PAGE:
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Urwerk packs 15 years of expertise into the UR-1001
Point of View

Urwerk packs 15 years of expertise into the UR-1001

Monday, 06 February 2012
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Christophe Roulet
Editor-in-chief, HH Journal

“The desire to learn is the key to understanding.”

“Thirty years in journalism are a powerful stimulant for curiosity”.

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3 min read

Felix Baumgartner, who with Martin Frei co-founded Urwerk fifteen years ago, now belongs to the coterie of watchmakers who have invented a new language of time; a language that hasn’t always been understood.

Visitors to Urwerk’s presentation alongside the Salon International de la Haute Horlogerie were greeted by Felix Baumgartner in a bright red corduroy suit with shoes to match. An outfit that won him no end of compliments, and which went well with the original approach to Fine Watchmaking that was evident in the timepieces on display. Interview.

What do you remember of your early days in watchmaking?

Felix Baumgartner: We made our debut at Basel fifteen years ago with the Académie Horlogère des Créateurs Indépendants. As a young, third-generation watchmaker and well-versed in the history of time measurement and its complications, it seemed to me the watches I saw in museums were so much better than anything currently being made. I couldn’t bear the thought of spending my entire life reproducing what others had done before me.

Myself, Martin Frei and my brother spent hours discussing possible new values in watchmaking. How we could bring an innovative architecture to telling time that would be retro, contemporary and futuristic rolled into one. We went looking for ideas in all kinds of places, from 1960s and 70s Russian space technology to a Campanus night clock from 1652 which gives time in a highly original fashion. Our aim was to indicate the passing of time in an innovative way, using modern technologies and materials. From these beginnings, we’ve now reached an equilibrium with annual production of 150 to 200 watches while continuing research into innovative solutions. As it stands, I think we’re the only ones to offer this blend of design and technique; a combination which hasn’t varied in fifteen years.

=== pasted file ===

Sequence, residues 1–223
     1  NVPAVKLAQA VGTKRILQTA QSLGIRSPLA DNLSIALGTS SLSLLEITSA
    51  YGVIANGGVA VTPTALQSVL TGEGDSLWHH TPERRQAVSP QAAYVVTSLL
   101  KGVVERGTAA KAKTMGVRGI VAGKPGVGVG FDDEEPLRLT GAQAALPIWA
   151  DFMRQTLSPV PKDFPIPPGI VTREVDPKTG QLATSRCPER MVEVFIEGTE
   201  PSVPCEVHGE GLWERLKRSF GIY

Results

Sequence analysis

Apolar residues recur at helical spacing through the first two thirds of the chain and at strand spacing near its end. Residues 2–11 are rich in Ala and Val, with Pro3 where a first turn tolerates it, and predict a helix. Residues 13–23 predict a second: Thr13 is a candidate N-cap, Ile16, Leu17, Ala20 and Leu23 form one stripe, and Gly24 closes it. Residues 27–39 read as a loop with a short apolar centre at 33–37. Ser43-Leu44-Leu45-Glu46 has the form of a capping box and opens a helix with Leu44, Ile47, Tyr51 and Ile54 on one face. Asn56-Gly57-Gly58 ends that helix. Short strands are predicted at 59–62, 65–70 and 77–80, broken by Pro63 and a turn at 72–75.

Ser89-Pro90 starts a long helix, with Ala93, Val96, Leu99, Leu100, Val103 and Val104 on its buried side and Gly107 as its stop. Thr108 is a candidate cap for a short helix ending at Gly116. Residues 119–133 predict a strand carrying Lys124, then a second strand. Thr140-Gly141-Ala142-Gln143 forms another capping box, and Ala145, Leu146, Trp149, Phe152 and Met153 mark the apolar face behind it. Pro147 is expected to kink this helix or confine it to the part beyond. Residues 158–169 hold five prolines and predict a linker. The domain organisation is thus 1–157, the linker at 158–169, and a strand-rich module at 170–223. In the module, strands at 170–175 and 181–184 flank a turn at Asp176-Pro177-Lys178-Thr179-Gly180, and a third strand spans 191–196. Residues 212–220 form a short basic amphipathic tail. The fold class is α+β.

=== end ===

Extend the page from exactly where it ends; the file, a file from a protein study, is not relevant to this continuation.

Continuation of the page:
How did you feel when you won the Design award at the Grand Prix d'Horlogerie de Genève last year?

I still find it hard to believe we were chosen by a panel of judges who ten years ago couldn’t stand us. Yes I was pleased, but I’m still amazed by such a change of heart. Ten years ago, we were outcasts.

What are you showing this year?

We just launched a major timepiece, the UR-1001. It’s an extremely significant piece for Urwerk as it condenses our fifteen years of existence. It’s a grande complication with a revolving satellite annual calendar, revolving satellite hours and retrograde minutes, plus day/night, power-reserve and “oil change” indicators. It’s anything but a traditional pocket watch and clearly shows what we are capable of developing. Our other focus is production of the UR-110, our latest model which is doing well. We feel comfortable with this new movement.

How long does it take to develop a Urwerk watch?

From the first sketches to the prototype, around two years. The UR-1001, which is a far more complex project, took four years.

Does Urwerk deliberately keep production at 150 to 200 pieces a year?

We’ve had one experience of production rising to 250 pieces but we were beginning to feel the strain of delivering on time. With production of 150 to 200 watches, we have financial stability and return on investment. We launch a new model every two years. We have to take care to stick to this schedule, otherwise we’d just keep pushing perfectionism as far as we can and never produce anything. Urwerk is a team of fifteen people, divided between Geneva and Zurich, who organise their working day to suit them and where there is no such thing as hierarchy. At the end of the day, Fine Watchmaking is about people and responsible watchmakers, especially when you produce virtually every part in-house, balance-spring included.

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